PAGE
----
#17 Being An Indian Woman CrossFit Athlete

Introduction Of Podcast

In India, it is not easy making it to the top in sports and athletics and especially for women, who have to face a bunch of stereotypes along the way. But in this episode, Neha Agarwalla outlines how with sheer will, discipline and determination, it is really possible to go all the way. Tune right in.


(00:00 – 00:45) – Introduction
(01:11 – 04:01) – Neha’s Journey Into CrossFit
(04:38 – 07:55) – Neha’s Journey With Workout and Nutrition Myths
(08:31 – 10:54) – Training vs Competition Mindset
(12:12 – 16:23) – Neha’s Fuelling Strategies
(19:12 – 23:08) – Technology’s Role In Nutrition and Neha’s journey with CGM
(24:14 – 28:54) – 5 Best Tips For Anyone Starting Their Fitness Journey

Key Takeaways – Transcripts

Intro (Mohit): In a country where women struggle for opportunities and a platform to prove their mettle to the world we have with us today. Neha Agarwalla, a former Indian CrossFit competitor, was ranked fittest in India during the CrossFit Open in 2018 and remain in top three for a few years before and after. Neha has defied all the conventional norms in India and made a name for herself in the fitness ecosystem, inspiring a generation of women to take up fitness seriously. We discuss with Naha the various obstacles she had to overcome and how she entered the world of CrossFit and competed with some of the world’s best and world’s fittest and top athletes. Let’s dive deep into it.

Question (Mohit): Hey, Neha, really nice connecting with you as well. I think Vatsal who’s my co-founder. He has been telling me about you. He’s into CrossFit himself. I admire CrossFit a lot, but primarily from the Brazilian Jiu-jitsu background. So two different ends of the world, but really admire the tenacity and the amount of effort that it takes to actually do something as intense. I think, to begin with, how did you get here, right? I mean, between everything else, essentially, how did you end up with CrossFit? What’s your story?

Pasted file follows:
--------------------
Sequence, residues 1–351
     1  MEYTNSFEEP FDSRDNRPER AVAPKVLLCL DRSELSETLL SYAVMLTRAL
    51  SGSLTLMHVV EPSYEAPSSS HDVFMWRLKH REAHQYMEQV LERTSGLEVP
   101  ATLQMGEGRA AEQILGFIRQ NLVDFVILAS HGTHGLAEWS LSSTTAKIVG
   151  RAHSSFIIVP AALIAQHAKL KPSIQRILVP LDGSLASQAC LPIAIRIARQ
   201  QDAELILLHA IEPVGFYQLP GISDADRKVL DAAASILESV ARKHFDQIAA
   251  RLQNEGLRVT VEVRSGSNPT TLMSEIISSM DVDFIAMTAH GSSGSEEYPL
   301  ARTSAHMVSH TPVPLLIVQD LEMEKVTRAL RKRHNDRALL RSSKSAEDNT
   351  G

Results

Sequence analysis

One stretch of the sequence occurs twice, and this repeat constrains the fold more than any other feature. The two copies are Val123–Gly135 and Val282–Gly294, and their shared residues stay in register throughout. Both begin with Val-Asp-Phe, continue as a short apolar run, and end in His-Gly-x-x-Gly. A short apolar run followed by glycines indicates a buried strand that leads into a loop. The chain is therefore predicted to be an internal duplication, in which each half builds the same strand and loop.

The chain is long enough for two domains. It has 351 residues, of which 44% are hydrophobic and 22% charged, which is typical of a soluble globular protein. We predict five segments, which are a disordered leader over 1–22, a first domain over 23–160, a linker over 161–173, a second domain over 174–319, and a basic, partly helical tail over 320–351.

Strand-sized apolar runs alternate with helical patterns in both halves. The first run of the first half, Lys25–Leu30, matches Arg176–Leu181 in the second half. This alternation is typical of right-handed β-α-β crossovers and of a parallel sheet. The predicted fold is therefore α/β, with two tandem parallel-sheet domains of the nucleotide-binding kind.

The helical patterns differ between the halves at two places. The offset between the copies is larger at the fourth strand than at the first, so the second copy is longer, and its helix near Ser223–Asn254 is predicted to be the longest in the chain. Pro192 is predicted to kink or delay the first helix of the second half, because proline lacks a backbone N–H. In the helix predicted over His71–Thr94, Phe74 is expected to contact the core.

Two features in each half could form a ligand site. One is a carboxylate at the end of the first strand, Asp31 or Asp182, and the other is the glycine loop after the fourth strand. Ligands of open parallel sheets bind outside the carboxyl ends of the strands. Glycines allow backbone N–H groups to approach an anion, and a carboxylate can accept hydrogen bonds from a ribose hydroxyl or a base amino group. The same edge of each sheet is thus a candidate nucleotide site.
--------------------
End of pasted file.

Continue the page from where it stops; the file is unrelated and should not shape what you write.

Answer (Neha): I was fresh out of college. I just returned from the UK, and I was asking people around with gym, should I join? And I didn’t even know the concept of CrossFit or how it functions at all. One of my friends had gone to CrossFit gym very close to my house, and he was like, you should check it out, it’s really cool. So I was like, yeah, sure. I walked in and I had literally zero expectations, right? So there was a group workout, there was a lot of push ups, sit ups, squats, and all I had ever done before was gone to a regular gym where I did three days of strength and two days of cardio. And of course, in the strength, they were always telling me to lift lightweights because I’m a woman and I don’t want to get bulky and things like that. So I came from that background and here suddenly there was like, no distinction. It wasn’t like, you’re a woman, so you don’t take the weights, right? It was like, everyone is going to use the same weights. So I did my workout and like, wow, that was just so much fun. That’s exactly what I felt on day one. So I went home and I was like, okay, cool, I’m definitely going to get the so I immediately bought the annual membership. I was like, I’m sold. Like, I want to do this. And after that day, I was someone, even though I did work out regularly, it wasn’t a big part of my life. And I was never athletic growing up, so it’s not like I played a lot of sports or anything. I was like, okay, like this. So I would start centering my entire life around my CrossFit class in the evening. Like, I would make sure if dinner plans are there, they are delayed so I can go for my class if there’s a meeting at work. I was working with my father. I would leave work early to go to my class and I was like, obsessed with CrossFit. I did it six days a week and I don’t want to ever stop doing it. And the CrossFit gym that basically I went to, I didn’t really particularly love the way they ran it. I felt like a better job could have been done and I was not very happy working with my father. So I suddenly felt like I found what I love, but I didn’t have the confidence to feel like I can coach. I thought, okay, I can just own the gym and maybe look after the admin part of it. So I partnered up with one of my coaches and I was like, you can look after the training part of it and I’ll be the business part of it. We started the gym and he was like, you should just do your CrossFit level one, because what if we need help with coaching? You can take a few classes here and there. So I was like, okay, I guess that makes sense. So I did my level one and I started coaching and I started getting the hang of it and I started enjoying it a lot. And suddenly I was like, okay, no, forget the business part. I just want to be a coach full time, right? So I did my level two. I did my level three simultaneously. I competed in the CrossFit Open and I always did pretty well. Like, I would always rank the third, 2nd, 1st in India, always remain in top three. All the years that I competed. By chance, I found it and immediately realized that this is what I love and I love doing it even to this day. Even though I like my CrossFit gym shut down a month ago. I don’t enjoy going to a normal gym anymore. It’s just not as fun.